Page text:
The free press in American society is under attack by political figures and everyday citizens calling articles written by reputable news organizations “fake news”. It’s an attempt to discredit journalists and diminish the credibility of reports that are seen as critical of politicians and/or government policies. “Fake news” is threatening the very foundations of our First Amendment rights pertaining to both freedom of the press and freedom of expression.
There are many different definitions of fake news, but we’ll focus on the main three: 1) Satire/parody, 2) “fake news” rhetoric and 3) Completely false news posing as real. Satire and parody news, such as Last Week Tonight and The Onion, create humorous (and obviously not real) articles meant as entertainment. Satire is a form of humorous critique that may contain elements of truth but presented in an exaggerated way to ridicule or expose the absurdity of a situation.
“Fake news” rhetoric is an entirely different matter. This is a political strategy that is being used to delegitimize traditional (mainstream) news organizations such as CNN, The Washington Post and The New York Times by dismissing reports published or broadcast by these press outlets. NPR refers to “fake news” rhetoric as a form of alternative language, in which anyone of any political affiliation can rebuke a news story they disagree with by calling it “fake news”.
Finally, we have actual fake news, which the Pew Research Center reports is also causing a great deal of confusion in American society. Fake news in this sense refers to completely false stories, which often are used as part of a coordinated effort to sway public opinion and/or as a way to generate ad revenue. A Buzzfeed analysis found that many fake news stories about the 2016 presidential election outperformed real news stories on social media. For example, a fake news story about the Pope endorsing Donald Trump for president received 960,000 shares, comments, and likes on Facebook before the election, while a real news story from The Washington Post about Trump and Hillary Clinton’s histories of corruption received just 849,000 shares, comments, and likes.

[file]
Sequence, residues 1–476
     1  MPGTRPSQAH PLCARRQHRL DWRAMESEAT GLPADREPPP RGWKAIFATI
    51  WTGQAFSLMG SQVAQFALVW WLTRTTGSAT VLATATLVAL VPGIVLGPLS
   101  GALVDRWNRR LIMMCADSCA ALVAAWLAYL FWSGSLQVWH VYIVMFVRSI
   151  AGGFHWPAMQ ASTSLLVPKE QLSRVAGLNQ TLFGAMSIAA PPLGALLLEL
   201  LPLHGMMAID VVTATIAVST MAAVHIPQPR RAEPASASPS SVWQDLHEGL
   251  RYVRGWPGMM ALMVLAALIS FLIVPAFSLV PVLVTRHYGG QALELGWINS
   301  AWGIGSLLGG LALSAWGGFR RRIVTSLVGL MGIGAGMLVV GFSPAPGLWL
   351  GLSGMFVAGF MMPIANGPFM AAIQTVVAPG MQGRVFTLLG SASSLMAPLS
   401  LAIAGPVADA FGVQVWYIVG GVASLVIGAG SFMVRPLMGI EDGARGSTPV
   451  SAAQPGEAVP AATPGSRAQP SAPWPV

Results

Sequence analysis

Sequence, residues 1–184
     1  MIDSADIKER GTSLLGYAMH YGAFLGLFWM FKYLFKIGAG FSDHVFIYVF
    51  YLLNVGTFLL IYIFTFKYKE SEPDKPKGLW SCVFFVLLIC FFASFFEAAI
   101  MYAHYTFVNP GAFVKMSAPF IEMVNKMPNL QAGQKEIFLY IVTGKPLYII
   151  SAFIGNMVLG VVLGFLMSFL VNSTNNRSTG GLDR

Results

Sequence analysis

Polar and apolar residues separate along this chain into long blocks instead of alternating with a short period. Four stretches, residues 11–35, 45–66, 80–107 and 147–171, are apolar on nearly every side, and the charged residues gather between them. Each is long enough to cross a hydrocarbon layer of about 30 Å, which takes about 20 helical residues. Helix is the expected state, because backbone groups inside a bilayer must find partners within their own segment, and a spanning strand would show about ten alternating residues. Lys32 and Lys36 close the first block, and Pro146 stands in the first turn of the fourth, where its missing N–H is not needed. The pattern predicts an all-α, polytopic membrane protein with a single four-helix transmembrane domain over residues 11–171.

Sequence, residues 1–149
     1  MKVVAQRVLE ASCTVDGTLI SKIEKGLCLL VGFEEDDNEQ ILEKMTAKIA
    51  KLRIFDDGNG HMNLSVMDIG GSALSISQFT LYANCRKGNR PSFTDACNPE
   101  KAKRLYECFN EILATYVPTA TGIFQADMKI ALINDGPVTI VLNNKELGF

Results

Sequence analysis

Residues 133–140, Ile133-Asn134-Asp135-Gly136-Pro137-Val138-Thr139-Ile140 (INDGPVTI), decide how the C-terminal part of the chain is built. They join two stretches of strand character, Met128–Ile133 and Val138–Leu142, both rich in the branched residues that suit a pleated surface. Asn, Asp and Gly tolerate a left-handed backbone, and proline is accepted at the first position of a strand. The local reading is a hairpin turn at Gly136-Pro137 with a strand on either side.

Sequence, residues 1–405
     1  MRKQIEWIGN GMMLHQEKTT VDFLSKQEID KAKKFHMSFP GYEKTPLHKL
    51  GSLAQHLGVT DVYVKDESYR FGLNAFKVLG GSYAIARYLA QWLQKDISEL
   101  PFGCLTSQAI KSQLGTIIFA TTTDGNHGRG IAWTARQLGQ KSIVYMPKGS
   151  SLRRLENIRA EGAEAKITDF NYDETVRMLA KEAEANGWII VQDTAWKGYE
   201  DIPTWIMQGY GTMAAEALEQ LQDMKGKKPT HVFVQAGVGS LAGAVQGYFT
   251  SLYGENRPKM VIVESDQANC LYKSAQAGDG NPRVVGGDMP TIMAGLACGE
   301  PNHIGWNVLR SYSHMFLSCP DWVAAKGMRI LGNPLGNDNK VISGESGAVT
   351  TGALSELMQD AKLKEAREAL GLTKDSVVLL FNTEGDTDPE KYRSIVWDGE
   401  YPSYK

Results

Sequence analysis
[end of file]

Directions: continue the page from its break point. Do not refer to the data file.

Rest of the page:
How is fake news harming our First Amendment rights? As mentioned previously, the Pew Research Center says “fake news” is hurting our democracy by confusing the public about what is real journalism and facts and what is fake. A 2016 study of more than 376 million Facebook users’ interactions with 900+ media outlets found another problem: People tend to seek out information that aligns with their political views. “Fake news” rhetoric is exacerbating the problem by making it socially acceptable for people to reject legitimate media reports that don’t align with their views as merely “fake.”
The phenomenon of fake news and fake news rhetoric subsequently diminishes the free press protections of the First Amendment by delegitimizing reputable news outlets with a long history of credibility, thereby making it harder for them to report real news. What can we do to combat “fake news” and preserve the freedom of the press? To combat “fake news” and protect our First Amendment rights for all, education is key. We must be diligent as consumers when it comes to determining which news outlets are publishing blatantly false “clickbait” articles for the purpose of making money from ad revenue instead of informing the public about legitimate current events. Facebook, Google, and other online organizations are currently developing new algorithms for detecting fake stories and fake news outlets, but it’s also up to us as responsible Americans to educate ourselves and our communities about media literacy.
HowStuffWorks has published an awesome list of 10 ways to spot fake news stories, which includes double-checking information with other sources, checking the URL of the publisher, being wary of incredulous-sounding headlines, and many more. Facticious also developed a game to help students and everyday Americans alike learn how to detect fake news stories. Although “fake news” rhetoric and fake stories are likely to remain a problem for many years to come, it’s vital that we advocate for real journalism and avoid fake sources that want to make money instead of inform their audiences.